May 29th, 2009
Paddy Jupurrurla Nelson, Paddy Japaljarri Sims, and Larry Jungarrayi Spencer, Yanjilypiri Jukurrpa (Star Dreaming), 1985 (f109).
“The Australian deserts appears empty and inhospitable to those who do not know them, but to the Aboriginal groups who inhabit these areas, the lands created by their ancestors and infused with their powers are places rich in spiritual meaning and physical sustenance.
“Geographically, the desert includes mountain ranges and spectacular rock-formations, grassy plains, strands and eucalypt and mulga trees, lakes, salt pans, sandhills, and stretches of stony country occasionally broken by seasonal watercourses and rivers and punctuated by rare permanent rockholes, springs, waterholes and soakages… Across this landscape spreads a web of ancestral paths travelled by the supernatural beings on their epic journeys of creation in the Jukurrpa or Dreaming, linking the topography firmly to the social order of the people” (p97).
“The basic elements of the pictorial art are limited in number but broad in meaning… Characteristic of the range of conventional designs and icons are those denoting place or site, and those indicating paths or movement. Concentric circles may denote a site, a camp, a waterhole or a fire. In ceremony, the concentric circle provides the means for the ancestral power which lies within the earth to surface and go back into the ground. Meandering and straight lines may indicate lightening or water courses, or they may describe the paths of ancestors and supernatural beings. Tracks of animals and humans are also part of the lexicon of desert imagery. U-shapes usually represent settled people or breasts, while arcs may be boomerangs or wind-breaks, and short straight lines or bars are often spears and digging sticks. Fields of dots can indicate sparks, fire, burnt ground, smoke, clouds, rain, and other phenomena.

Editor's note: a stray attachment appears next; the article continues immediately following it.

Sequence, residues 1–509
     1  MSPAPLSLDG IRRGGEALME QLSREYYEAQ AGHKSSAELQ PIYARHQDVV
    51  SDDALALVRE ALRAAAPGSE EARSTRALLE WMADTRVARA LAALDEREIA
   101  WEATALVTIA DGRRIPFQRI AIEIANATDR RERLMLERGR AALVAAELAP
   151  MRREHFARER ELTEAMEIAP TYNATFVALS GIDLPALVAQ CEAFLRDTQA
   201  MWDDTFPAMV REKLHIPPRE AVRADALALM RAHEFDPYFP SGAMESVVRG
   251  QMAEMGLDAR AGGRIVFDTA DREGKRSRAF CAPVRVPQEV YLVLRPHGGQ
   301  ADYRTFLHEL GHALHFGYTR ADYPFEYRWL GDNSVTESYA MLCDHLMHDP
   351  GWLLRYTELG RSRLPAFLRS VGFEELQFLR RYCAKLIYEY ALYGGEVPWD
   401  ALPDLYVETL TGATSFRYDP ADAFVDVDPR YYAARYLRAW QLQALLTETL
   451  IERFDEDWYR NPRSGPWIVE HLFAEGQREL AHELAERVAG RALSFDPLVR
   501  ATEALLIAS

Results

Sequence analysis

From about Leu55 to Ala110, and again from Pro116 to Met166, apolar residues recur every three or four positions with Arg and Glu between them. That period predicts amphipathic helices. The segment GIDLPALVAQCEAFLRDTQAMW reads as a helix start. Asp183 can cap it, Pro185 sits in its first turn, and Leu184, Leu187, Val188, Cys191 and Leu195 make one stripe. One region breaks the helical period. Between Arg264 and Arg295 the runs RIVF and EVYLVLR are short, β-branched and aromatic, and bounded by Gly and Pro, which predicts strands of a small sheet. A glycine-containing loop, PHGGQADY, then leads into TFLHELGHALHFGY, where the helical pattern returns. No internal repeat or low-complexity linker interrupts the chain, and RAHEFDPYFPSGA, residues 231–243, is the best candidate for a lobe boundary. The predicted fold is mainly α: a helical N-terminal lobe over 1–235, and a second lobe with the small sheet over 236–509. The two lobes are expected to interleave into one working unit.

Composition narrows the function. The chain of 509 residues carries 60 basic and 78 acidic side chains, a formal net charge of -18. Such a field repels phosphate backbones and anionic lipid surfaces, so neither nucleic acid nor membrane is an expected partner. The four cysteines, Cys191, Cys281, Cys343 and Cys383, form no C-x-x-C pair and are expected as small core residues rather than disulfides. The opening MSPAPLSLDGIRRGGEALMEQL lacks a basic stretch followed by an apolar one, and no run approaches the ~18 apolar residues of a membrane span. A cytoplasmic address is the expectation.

“The interpretations of these designs are multiple and simultaneous, and depend on the viewer’s ritual knowledge of a site and the associated Dreaming. The meanings are elaborated and enhanced by the various combinations or juxtapositions of designs in the paintings, and also by the social and cultural contexts within which they operate — whether for ceremony or public domain, for instance. The combinations of designs allow for endless depth of meaning, and artists in decribing their work distinguish between those meanings that are indented for public revelations and those which are not, and provide the appropriate level of interpretation” (p98-99).
Mick Namarari Tjapaltjarri, Bandicoot Dreaming, 1991 (f98).
“It is by the acquisition of knowledge, not material possessions, that one attains status in Aboriginal culture. Art is an expression of knowledge, and hence a statement of authority. Through the use of ancestrally inherited designs, artists assert their identity, and their rights and responsibilities. They also define the relationships between individuals and groups, and affirm their connections to the land and the Dreaming” (p14-15).
“As a statement of authority, the aesthetic in art is often articulated in terms of ritual knowledge. Through art, individuals express their authority and knowledge of a subject, the land and the Dreaming, and artists will use their authority to introduce change and innovation” (p16).
“In ritual, paintings… are not intended to be static images requiring studied contemplation. Rather, since designs embody the power of supernatural beings, they are intended to be sensed more than viewed” (p59-60).